Peace processes involve a series of negotiated steps to end wars and build sustainable peace. The U.S. Institute of Peace works with practitioners, diplomats and officials to understand how to effectively manage or facilitate such processes. This includes how such negotiations can be structured and supported, the issues to be resolved, the trade-offs involved, and the consequences and challenges that result. From considering gender and the role of women in Colombia’s peace process to furthering a new understanding of Myanmar’s long road towards peace, USIP works to ensure that peace agreements in conflict areas are inclusive, participatory, and locally led and supported.
U.S. and NATO troops are rapidly executing President Biden’s policy of a complete withdrawal of American troops and contactors supporting the Afghan National Defense and Security Forces (ANDSF) by a deadline of September 11. Based on the rate of progress, the last American soldier could depart before the end of July. The decision to withdraw without a cease-fire or a framework for a political agreement between the Taliban and the government caught Afghans and regional countries by surprise. The Taliban have capitalized on the moment to seize dozens of districts and project an air of confidence and victory.
The recent outbreak of Israeli-Palestinian violence raised renewed discussion on how Arab states that inked normalization agreements with Israel in 2020 can advance peace between Israelis and Palestinians. The “new normalizers” (UAE, Bahrain, Sudan and Morocco) may be weighing the pros and cons of heavily involving themselves in efforts to resolve this protracted conflict but should not dismiss the opportunity. They can and should play a more proactive and constructive role, which would enhance regional stability and prosperity and advance the normalizers’ own interests. It will be up to the international community, the Palestinians and regional stakeholders to bring them into the peacemaking fold.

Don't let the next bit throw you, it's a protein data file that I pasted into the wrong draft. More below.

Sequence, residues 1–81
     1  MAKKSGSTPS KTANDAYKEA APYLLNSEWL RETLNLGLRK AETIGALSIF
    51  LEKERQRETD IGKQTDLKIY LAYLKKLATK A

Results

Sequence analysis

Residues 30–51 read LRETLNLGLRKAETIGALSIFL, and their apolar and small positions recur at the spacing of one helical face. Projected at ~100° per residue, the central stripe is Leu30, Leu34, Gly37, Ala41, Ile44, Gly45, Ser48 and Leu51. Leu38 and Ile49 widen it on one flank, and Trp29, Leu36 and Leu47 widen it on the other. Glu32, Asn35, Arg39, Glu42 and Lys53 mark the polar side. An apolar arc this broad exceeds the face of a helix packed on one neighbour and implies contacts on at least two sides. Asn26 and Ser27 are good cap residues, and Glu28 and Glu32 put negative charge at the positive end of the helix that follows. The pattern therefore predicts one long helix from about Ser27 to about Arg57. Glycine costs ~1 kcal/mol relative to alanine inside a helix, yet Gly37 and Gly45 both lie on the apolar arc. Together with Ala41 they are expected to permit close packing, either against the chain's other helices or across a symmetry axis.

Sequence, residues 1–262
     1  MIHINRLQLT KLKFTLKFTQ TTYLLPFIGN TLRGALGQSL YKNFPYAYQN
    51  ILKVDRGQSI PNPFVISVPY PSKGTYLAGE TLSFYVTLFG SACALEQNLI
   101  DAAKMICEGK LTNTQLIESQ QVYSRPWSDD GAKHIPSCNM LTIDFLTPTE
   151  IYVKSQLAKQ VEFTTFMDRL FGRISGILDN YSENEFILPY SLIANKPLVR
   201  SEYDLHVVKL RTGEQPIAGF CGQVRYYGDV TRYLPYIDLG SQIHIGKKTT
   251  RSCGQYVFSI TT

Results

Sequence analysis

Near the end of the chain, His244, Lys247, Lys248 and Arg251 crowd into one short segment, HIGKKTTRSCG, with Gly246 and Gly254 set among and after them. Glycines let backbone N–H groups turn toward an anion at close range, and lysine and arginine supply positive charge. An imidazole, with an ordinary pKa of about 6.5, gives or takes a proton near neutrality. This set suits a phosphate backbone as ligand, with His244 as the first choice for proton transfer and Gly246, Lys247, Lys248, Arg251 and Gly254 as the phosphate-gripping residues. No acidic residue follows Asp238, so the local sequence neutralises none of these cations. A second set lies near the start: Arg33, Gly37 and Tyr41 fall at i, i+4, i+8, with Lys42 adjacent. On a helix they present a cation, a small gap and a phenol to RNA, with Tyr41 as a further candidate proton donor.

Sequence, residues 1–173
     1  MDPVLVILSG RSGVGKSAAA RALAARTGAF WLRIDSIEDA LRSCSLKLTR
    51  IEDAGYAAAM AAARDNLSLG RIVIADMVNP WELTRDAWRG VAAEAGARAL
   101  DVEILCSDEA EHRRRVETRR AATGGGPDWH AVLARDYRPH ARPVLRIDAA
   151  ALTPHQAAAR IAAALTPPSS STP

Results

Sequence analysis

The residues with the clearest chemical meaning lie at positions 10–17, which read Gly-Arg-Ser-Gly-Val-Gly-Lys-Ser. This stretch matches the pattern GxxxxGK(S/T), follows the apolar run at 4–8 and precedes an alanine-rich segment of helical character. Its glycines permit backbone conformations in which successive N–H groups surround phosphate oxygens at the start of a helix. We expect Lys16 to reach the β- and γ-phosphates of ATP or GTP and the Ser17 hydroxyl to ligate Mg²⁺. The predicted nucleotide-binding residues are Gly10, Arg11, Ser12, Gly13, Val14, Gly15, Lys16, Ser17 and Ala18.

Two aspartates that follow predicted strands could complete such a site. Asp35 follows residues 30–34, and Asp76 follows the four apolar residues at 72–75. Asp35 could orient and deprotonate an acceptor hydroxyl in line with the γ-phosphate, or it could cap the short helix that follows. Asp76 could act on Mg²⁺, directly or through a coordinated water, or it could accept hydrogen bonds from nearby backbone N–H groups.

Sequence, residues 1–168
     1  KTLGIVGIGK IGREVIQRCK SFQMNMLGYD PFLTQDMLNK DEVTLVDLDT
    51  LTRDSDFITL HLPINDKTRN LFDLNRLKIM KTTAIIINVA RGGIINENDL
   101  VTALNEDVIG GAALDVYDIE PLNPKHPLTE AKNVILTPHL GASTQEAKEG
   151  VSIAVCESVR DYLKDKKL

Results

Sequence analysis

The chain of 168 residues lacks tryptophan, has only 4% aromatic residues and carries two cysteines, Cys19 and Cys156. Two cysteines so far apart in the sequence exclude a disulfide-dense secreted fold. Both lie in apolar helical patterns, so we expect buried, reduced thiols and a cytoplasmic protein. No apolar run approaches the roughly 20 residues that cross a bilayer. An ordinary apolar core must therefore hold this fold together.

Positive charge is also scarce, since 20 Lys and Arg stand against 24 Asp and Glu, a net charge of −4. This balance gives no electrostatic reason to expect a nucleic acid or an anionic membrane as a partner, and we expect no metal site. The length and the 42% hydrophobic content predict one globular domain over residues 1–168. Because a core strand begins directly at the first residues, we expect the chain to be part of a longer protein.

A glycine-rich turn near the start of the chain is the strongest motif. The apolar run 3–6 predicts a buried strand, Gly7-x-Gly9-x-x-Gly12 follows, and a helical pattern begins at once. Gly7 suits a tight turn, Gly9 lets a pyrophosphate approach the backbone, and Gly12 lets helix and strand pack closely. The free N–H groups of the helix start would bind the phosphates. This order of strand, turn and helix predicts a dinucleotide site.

Coming into office, the Biden administration was clear that the Middle East would largely take a backseat in its foreign policy agenda. But recent developments in Jerusalem and the 11-day war on Gaza forced the Israeli-Palestinian conflict back into the forefront of international attention and revealed elements of the administration’s approach to the conflict. U.S. policy on the conflict has long been a point of bipartisan harmony, with more consensus than contention. The Biden administration’s emerging policy largely aligns with past administrations’ policies, with a few notable differences. But can this approach advance peace amid this protracted conflict?
Almost 20 years after the United States ousted the Taliban regime, the first direct peace talks between the Taliban and the Afghan government began in Doha, Qatar in September 2020. The Taliban, Afghan government, and international forces have fought to a deadly stalemate, with both battle deaths and civilian casualties near record highs in recent years.
The International Partnerships team leads the Institute’s policy engagements with international actors to enable foresight, insight and action on the most pressing global challenges to building and sustaining peace. Through the development of a virtuous circle of timely, policy-relevant thought-leadership and collaborative partnerships with major international policy actors and dialogue forums, the IP team works to expand USIP’s global policy influence and advance USIP’s mission to prevent and mitigate violent conflict.
Since 2018, USIP, InclusivePeace, and the International Center for Religion & Diplomacy have been conducting research that explores the roles that religious actors play in track 1 dialogues and official peace processes. While distinct cases demonstrate the impact—both real and potential—that religious actors and communities have on formal peace processes, little research or analysis exists to show whether, when, how, and to what extent religious actors should be engaged as part of these processes.